Just as every individual must pay their annual taxes to the Internal Revenue Service (IRS),1 every business must also pay taxes. There are many different types of business taxes and how you should file your tax returns largely depends on the type of business you own. For example, some business types are taxed as follows: Sole proprietorship or Partnership – claim business profits and losses on personal tax returns (pass-through taxation)2 Corporation – file separate corporate tax returns Limited liability company – can either opt to claim business income or losses on your personal returns or can be taxed as a corporation For this reason, which taxes are best for you should be considered when you are choosing what type of business entity

  • Does Your Business Website Need a Privacy Policy?

    Conducting business on the internet is extremely convenient, but can also be risky due to the threat of hacking, identity theft, and other types of fraud that may cause a consumer injury. For this reason, many people are wary to engage in transactions on websites they do not trust or that do not seem secure. One important step in assuring consumers that your website is safe is by having and posting a thorough and quality privacy policy. What is covered by a privacy policy? The following is information that should always be included in a business website privacy policy: The type of information the website collects, including names, contact information, and credit cards numbers. How the information is collected, including using cookies, acco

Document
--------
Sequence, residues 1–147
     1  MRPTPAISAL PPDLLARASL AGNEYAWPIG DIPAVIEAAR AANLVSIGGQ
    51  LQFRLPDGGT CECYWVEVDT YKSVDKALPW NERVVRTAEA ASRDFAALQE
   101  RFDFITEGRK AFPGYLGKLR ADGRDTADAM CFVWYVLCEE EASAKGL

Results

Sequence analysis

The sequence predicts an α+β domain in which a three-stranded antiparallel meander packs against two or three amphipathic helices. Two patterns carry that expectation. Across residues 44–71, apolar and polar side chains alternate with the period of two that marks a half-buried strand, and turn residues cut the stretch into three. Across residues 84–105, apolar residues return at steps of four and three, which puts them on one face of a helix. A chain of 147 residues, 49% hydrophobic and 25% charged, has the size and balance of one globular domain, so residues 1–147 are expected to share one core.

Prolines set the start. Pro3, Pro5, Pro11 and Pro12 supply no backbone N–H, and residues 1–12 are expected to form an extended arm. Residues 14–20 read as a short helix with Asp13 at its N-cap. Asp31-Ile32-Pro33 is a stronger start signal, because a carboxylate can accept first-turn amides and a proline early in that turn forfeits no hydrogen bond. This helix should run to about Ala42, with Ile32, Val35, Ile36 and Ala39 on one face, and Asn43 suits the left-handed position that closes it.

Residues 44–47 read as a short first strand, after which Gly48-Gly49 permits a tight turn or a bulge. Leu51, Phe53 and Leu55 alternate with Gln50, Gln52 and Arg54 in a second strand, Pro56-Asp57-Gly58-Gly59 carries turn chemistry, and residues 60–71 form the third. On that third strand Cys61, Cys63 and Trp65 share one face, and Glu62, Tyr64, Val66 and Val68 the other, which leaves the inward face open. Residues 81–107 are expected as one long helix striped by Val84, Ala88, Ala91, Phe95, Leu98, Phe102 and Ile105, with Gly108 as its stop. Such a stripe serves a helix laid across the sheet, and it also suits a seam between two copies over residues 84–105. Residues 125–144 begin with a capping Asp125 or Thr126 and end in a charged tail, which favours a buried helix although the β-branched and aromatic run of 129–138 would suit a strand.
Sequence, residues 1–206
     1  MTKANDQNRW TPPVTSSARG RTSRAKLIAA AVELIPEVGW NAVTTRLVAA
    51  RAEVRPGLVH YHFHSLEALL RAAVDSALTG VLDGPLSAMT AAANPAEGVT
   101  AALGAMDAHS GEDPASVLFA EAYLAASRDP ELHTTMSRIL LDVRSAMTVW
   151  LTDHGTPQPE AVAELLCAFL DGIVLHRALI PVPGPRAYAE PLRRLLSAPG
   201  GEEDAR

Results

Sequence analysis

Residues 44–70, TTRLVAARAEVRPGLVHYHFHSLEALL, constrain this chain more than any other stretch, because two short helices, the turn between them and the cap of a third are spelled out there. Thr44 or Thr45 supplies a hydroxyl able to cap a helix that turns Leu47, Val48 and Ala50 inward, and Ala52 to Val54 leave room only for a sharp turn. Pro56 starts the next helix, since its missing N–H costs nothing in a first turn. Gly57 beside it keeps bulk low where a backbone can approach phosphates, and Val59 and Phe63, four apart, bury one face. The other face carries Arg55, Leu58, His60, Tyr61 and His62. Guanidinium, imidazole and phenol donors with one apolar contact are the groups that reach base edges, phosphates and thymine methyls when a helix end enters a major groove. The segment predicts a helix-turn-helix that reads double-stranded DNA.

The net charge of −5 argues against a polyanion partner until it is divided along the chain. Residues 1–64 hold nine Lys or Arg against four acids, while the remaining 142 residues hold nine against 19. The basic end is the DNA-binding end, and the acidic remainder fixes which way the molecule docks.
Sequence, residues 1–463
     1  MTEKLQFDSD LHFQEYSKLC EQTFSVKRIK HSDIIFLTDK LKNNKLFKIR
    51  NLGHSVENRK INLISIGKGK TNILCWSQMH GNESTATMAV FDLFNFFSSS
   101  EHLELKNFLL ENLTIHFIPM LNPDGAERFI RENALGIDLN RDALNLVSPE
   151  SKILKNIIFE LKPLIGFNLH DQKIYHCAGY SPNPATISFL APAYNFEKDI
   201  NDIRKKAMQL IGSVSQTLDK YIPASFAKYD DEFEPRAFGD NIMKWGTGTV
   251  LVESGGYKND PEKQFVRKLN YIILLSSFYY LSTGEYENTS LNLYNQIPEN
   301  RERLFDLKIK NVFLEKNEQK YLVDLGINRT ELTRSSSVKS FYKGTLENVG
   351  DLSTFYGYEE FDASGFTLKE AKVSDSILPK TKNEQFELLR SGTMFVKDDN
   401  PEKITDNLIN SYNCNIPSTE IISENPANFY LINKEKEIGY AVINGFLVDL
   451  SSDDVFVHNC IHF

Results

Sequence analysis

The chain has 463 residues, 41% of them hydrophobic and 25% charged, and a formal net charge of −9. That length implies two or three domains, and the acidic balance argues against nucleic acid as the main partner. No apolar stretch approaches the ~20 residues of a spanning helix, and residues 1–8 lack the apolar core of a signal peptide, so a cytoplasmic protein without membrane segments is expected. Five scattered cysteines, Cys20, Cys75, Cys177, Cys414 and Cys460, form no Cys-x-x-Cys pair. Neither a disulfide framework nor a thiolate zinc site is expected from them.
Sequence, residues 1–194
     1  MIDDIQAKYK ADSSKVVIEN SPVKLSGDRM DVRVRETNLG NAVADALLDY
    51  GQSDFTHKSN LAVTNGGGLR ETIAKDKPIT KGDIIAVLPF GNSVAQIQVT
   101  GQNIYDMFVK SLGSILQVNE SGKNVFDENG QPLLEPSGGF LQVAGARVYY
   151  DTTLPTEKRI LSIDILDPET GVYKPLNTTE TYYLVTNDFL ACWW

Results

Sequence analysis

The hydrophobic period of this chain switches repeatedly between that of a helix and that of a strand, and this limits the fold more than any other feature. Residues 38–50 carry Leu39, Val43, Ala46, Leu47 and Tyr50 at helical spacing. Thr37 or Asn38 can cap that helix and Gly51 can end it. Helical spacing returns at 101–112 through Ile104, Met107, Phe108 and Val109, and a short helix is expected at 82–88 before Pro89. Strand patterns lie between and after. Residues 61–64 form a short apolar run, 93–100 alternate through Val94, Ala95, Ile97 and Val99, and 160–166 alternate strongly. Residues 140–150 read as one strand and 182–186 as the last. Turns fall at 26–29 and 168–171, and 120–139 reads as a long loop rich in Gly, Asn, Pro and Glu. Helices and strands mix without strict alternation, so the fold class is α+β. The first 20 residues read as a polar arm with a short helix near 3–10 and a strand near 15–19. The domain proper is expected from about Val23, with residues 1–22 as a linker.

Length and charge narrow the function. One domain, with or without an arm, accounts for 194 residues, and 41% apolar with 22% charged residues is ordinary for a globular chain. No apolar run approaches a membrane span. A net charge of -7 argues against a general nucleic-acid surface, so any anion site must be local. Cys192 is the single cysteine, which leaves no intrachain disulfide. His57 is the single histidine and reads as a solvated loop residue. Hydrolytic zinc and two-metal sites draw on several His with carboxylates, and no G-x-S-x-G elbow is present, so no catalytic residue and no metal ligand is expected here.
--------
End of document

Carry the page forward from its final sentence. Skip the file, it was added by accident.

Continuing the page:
• Preparing For Business Succession After You Die

    There are an estimated 23 million small businesses1 throughout the United States and our economy and job market in part depends upon the success of the businesses. If you own your own business, you not only want the company to thrive while you are alive, but also likely after your death. While all of us dream of retiring and effectively passing on the family business to the next generation, unfortunately many people do you not get the opportunity to do so. If you suddenly fall ill, get in an accident, or pass away without a clear plan for your small business, all of your hard work may be in jeopardy. For this reason, you should always address business succession as part of your estate plan. Durable Power of Attorney First, you should always set out a

  • How Can a Small Business Attorney Help Me?

    Running a business inherently implicates certain laws and regulations. Even if you operate as a sole proprietor and work in a relatively low-risk industry, simply conducting business exposes you to legal liability. Many people who are self-employed or own a small business are hesitant to consult with a business law attorney because they assume that it will be expensive and believe that they can handle their legal needs themselves. The fact of the matter is that consulting with a small business attorney is an investment that can help a business operate more efficiently and in a way that may save you thousands of dollars in the future. As a result, anyone who is currently operating a small business or considering starting one should discuss their options